It’s normal for babies to cry and get fussy. Crying is their way of communicating their needs. But if the baby’s normal fussiness turns into prolonged periods of crying for no apparent reason, these might indicate colic.

Before you panic, you should know that colic is very common. It affects up to 19% of babies1. This normally goes away on its own by the time the child reaches six months. Colic is neither a disease nor a diagnosis—even doctors can’t pinpoint what exactly causes it. Colic is when an otherwise healthy child cries for more than three times a day, more than three days a week, for more than three weeks2.

Signs and symptoms

You’ll know if it’s colic when your baby persistently cries and won’t respond to comfort measures. Moreover, colicky crying is usually louder and more intense, almost like screaming. Other symptoms include:

  • Reddened face

  • Clenched fists while crying

  • Arched back

  • Pulling up his or her legs to his or her stomach

  • Enlarged tummy

  • High-pitched crying (almost like in pain)

  • Passes gas more frequently

If symptoms persist or worsen, have your child get checked by a doctor because it might be an underlying condition other than colic.

How to help

Because there is no real cause of colic, there’s no one “cure.” Dealing with colic requires more management than treatment. Follow these tips to help soothe your baby.

  • Avoid overfeeding. Have your baby get used to a feeding pattern so they’ll learn how to self-regulate3.

  • Watch what they eat. Food sensitivity can cause discomfort. Seek medical advice on the possible modifications you can do to your child’s diet. Include partially hydrolysed proteins (PHP) if you can. These protein molecules are easier to digest and less allergic as compared to regular cow’s milk4.

  • Use gentle motions. Rock them to sleep in your arms or in a rocking chair. Hold them close to your chest while you walk around. You can also massage his or her back to help him or her calm down.

  • Create calm. Babies have a built-in mechanism that allows them to tune out environmental stimuli5. But this gradually disappears as they age. Overstimulation can cause stress, which is why they cry. Make his or her environment peaceful. Dim the lights, sing or speak to him or her softly, or wrap him or her snuggly into a blanket.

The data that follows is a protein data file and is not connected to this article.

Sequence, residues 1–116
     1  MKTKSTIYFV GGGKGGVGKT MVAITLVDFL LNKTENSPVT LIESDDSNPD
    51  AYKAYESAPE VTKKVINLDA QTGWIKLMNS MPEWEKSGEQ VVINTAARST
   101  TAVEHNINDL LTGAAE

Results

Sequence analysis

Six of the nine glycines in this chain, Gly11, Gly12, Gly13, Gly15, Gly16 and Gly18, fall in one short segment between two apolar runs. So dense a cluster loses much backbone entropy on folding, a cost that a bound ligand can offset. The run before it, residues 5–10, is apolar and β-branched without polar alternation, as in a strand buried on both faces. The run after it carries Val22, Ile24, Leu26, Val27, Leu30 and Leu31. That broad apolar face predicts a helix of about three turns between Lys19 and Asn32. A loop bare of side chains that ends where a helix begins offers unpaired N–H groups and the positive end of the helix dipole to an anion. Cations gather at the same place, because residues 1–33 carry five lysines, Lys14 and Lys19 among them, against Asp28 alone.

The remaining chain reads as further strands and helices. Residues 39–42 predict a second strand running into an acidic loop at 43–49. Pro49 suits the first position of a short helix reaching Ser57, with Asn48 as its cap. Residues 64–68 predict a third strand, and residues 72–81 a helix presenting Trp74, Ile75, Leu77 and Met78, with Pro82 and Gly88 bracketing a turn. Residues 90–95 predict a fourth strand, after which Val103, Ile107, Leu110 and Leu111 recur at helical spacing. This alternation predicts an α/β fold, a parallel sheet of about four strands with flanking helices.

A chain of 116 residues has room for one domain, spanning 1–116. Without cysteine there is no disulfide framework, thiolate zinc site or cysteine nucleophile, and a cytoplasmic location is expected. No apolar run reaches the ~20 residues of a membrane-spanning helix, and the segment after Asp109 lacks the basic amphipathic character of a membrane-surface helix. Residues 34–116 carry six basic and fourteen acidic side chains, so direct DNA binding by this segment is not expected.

Just like any challenge, this, too, shall pass. Always seek professional advice when necessary. Don’t be afraid to ask help from your family and friends, too! You’re also human, so taking a break is valid.

References

  1. Infant colic (2015). Retrieved October 7, 2020 from https://www.ncbi.nlm.nih.gov/pmc/articles/PMC4809021/

  2. Colic: Symptoms & Causes (n.d). Retrieved October 7, 2020 from https://www.mayoclinic.org/diseases-conditions/colic/symptoms-causes/syc-20371074

  3. Colic: What To Do (n.d). Retrieved October 7, 2020 from https://www.babybonus.msf.gov.sg/parentingresources/web/Newborn/NewbornIllness/NewbornColic/Newborn_Colic_What_To_Do?_afrLoop=37215692650321740&_afrWindowMode=0&_afrWindowId=null#%40%3F_afrWindowId%3Dnull%26_afrLoop%3D37215692650321740%26_afrWindowMode%3D0%26_adf.ctrl-state%3Drq4v9eiro_4

  4. Formula Protein Type. Retrieved October 7, 2020 from https://babyformulaexpert.com/baby-formula-protein-type/

  5. Physical Assessment of the Newborn: A Comprehensive Approach to the Art of Physical Examination (2015). Retrieved October 7, 2020 from http://academyofneonatalnursing.org/NNT/Nervous_PANBehavioralAssessment.pdf